The Ins and Outs of Workers’ Compensation in Missouri

Work injury claim form paper on wooden table with black pen laid on top

When faced with a workplace injury, knowing what to do can seem overwhelming. You have a lot of questions. What happens when I file a claim? What happens if my employer denies my claim? When can I expect my benefits? Thankfully, workers’ compensation exists to protect you when you need it most.

If you are unfamiliar with the basics of workers’ compensation cases, you can familiarize yourself with the need-to-knows in Alberhasky Law Firm’s previous blog post.  Once you have the basic knowledge of what workers’ compensation is, we can dive into how workers’ comp actually works, specifically within the state of Missouri.

How Does Workers’ Compensation Work in Missouri?

You might be wondering where the funding for your benefits comes from. Does your employer have to pay out of pocket? What specific workers’ compensation laws are there for my state? Each state has different laws in place that protect both businesses and their employees.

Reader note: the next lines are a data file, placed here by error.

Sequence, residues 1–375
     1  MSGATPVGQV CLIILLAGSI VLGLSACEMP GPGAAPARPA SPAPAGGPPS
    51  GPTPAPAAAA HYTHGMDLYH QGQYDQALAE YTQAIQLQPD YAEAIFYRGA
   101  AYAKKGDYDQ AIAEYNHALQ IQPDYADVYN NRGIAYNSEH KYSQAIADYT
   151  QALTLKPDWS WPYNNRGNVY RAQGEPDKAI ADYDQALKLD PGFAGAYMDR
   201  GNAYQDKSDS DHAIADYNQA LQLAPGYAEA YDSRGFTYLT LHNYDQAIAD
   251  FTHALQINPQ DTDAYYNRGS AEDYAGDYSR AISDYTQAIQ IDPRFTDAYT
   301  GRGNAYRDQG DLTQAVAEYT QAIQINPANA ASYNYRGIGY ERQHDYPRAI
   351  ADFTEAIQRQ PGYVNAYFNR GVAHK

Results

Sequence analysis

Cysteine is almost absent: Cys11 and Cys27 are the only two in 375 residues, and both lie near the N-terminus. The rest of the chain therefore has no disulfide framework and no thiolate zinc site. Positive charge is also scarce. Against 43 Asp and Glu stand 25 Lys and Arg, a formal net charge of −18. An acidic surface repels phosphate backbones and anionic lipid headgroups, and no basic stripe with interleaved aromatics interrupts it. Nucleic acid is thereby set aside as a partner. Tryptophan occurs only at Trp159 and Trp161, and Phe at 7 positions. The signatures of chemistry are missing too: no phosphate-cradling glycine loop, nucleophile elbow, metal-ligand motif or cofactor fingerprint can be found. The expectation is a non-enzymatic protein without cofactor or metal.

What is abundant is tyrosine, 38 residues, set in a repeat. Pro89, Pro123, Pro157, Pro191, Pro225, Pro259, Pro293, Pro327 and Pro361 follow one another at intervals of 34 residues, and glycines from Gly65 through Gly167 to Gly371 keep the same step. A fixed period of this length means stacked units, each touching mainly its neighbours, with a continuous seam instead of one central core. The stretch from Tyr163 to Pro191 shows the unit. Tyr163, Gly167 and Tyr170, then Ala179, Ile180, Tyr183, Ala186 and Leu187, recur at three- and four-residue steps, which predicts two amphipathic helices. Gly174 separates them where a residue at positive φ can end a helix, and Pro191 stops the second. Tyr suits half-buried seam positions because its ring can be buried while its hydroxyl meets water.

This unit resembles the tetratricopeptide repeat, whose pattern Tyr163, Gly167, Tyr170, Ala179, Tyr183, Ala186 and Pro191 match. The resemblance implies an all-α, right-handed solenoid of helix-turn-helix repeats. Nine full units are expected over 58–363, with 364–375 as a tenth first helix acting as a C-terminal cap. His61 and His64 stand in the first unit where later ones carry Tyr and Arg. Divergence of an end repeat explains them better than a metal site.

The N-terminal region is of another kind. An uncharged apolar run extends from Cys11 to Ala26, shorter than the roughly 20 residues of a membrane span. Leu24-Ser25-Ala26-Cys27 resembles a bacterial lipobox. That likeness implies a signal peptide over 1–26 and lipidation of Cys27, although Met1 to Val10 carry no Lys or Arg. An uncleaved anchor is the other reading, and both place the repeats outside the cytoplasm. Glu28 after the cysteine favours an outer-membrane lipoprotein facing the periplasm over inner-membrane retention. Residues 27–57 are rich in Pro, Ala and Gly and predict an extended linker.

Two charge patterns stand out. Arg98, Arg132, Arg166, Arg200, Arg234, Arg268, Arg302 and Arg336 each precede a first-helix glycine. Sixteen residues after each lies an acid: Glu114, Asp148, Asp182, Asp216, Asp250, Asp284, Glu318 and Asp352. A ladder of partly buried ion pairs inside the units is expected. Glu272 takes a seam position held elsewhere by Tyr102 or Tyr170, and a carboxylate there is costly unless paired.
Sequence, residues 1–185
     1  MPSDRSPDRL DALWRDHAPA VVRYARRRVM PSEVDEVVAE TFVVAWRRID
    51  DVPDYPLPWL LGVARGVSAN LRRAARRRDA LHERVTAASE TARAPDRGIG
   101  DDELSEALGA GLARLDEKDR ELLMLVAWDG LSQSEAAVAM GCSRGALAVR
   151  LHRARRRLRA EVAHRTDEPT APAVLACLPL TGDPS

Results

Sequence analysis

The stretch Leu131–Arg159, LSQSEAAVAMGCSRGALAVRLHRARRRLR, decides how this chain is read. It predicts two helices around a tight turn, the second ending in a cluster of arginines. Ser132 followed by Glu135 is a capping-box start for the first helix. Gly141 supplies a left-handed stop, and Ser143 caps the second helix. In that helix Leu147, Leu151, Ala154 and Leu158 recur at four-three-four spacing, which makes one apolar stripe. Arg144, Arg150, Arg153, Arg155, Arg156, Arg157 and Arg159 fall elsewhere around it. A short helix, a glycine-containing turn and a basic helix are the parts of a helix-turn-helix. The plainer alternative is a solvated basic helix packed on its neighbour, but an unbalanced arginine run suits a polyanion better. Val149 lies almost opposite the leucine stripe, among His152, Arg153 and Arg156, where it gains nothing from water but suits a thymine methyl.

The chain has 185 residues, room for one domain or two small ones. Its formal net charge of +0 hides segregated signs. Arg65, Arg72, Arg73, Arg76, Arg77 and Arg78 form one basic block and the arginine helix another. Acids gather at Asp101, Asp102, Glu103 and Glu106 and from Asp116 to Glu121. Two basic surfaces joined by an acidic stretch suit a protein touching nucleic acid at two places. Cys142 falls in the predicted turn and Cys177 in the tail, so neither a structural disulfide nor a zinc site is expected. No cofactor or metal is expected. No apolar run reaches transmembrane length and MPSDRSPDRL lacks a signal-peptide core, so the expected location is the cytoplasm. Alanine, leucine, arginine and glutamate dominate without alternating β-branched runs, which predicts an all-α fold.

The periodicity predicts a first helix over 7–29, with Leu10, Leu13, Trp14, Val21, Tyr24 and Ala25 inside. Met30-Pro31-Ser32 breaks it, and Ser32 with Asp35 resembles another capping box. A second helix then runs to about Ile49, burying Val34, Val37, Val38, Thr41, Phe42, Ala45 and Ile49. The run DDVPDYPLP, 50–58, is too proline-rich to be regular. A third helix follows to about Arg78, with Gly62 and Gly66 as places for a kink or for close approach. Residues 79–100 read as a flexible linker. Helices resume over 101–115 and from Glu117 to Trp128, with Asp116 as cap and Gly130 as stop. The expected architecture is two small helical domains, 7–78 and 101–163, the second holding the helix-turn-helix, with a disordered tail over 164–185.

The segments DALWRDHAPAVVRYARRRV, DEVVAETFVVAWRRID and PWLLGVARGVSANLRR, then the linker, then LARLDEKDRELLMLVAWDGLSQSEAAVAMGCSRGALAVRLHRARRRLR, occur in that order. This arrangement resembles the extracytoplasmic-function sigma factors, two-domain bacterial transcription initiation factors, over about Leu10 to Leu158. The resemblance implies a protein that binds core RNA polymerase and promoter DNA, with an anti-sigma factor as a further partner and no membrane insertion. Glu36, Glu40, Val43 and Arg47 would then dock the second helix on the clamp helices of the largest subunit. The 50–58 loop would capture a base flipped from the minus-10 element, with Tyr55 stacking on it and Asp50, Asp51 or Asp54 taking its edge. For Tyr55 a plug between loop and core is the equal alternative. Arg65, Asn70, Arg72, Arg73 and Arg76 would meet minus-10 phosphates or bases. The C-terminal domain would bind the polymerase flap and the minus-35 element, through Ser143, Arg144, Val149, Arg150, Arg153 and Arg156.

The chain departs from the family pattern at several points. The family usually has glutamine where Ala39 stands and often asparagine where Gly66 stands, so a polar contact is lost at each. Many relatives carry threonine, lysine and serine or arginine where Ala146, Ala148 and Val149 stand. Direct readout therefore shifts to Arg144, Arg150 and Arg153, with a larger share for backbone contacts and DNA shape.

Here is how workers’ compensation works for employers in the state of Missouri:

  • Workers’ compensation insurance is required by law. Businesses with five or more employees are required to carry workers’ compensation insurance in the state of Missouri. However, businesses in the construction industry are required to carry workers’ comp insurance if there are one or more employees. Some businesses are covered by federal workers’ comp laws, and others are exempt.
  • LLCs & Corporations. Members of a Limited Liability Corporation (LLC) and officers of a corporation are included in the employee count.
  • Sole Proprietors & Partnerships. Sole proprietors and members of a partnership are not included in the employee count. They can elect to be covered with their insurer if they wish. 
  • Do exempt businesses have to pay out of pocket if a claim is filed against them? Not necessarily. Exempt businesses and employers of exempt employees have the option to carry workers’ compensation insurance. If they choose not to carry this insurance, then they are at risk of a civil lawsuit if an employee is injured on the job.